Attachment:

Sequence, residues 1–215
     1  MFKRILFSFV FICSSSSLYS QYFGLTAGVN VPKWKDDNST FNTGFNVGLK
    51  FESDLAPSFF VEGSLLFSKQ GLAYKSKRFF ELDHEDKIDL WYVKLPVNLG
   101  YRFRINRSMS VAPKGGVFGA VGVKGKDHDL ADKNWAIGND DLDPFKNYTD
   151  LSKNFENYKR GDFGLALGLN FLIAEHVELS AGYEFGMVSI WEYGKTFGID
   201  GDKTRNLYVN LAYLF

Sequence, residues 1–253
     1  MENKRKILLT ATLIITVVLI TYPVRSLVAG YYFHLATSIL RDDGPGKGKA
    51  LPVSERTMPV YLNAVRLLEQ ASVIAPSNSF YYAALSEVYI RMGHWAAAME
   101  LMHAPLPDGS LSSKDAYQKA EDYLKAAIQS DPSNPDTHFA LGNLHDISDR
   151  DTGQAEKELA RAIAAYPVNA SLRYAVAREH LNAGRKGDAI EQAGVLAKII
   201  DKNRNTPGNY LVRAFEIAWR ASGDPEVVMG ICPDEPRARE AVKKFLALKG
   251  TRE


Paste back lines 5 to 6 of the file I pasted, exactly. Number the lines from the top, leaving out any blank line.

   151  LSKNFENYKR GDFGLALGLN FLIAEHVELS AGYEFGMVSI WEYGKTFGID
   201  GDKTRNLYVN LAYLF